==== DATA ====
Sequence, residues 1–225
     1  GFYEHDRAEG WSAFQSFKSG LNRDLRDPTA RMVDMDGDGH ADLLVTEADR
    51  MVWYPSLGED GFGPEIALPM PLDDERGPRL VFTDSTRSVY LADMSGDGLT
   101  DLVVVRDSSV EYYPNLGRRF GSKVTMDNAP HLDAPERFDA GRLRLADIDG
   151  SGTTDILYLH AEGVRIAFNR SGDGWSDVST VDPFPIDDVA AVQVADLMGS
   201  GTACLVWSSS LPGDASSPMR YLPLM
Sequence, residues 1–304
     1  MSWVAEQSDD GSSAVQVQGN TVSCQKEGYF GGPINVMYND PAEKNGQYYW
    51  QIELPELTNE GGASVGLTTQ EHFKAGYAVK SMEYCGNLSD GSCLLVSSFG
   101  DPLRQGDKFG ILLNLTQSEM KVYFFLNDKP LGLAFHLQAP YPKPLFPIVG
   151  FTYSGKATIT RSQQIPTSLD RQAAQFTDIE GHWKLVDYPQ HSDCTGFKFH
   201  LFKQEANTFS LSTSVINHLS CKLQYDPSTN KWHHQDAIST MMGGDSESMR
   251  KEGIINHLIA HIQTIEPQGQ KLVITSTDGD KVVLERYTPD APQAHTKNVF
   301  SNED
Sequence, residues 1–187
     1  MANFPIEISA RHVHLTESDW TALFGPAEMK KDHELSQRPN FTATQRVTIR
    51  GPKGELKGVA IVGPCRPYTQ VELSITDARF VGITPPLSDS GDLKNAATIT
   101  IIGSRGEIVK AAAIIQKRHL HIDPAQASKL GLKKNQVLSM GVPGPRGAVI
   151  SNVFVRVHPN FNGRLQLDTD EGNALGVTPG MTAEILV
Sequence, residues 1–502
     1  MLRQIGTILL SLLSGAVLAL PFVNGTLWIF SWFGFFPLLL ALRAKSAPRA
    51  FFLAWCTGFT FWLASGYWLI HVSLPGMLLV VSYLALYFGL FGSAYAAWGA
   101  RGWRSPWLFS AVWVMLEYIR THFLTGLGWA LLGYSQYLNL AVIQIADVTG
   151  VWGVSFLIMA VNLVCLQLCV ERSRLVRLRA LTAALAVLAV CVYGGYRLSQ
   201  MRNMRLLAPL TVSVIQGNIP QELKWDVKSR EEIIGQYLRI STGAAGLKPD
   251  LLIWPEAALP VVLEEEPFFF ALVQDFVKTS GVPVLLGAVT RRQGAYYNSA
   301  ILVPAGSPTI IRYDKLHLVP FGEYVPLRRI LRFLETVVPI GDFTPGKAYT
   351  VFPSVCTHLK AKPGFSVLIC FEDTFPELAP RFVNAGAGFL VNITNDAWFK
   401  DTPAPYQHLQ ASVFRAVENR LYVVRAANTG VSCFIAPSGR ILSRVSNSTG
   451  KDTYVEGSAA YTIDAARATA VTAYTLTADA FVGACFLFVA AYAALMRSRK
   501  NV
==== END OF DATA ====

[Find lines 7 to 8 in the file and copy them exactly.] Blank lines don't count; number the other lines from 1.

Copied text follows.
Sequence, residues 1–304
     1  MSWVAEQSDD GSSAVQVQGN TVSCQKEGYF GGPINVMYND PAEKNGQYYW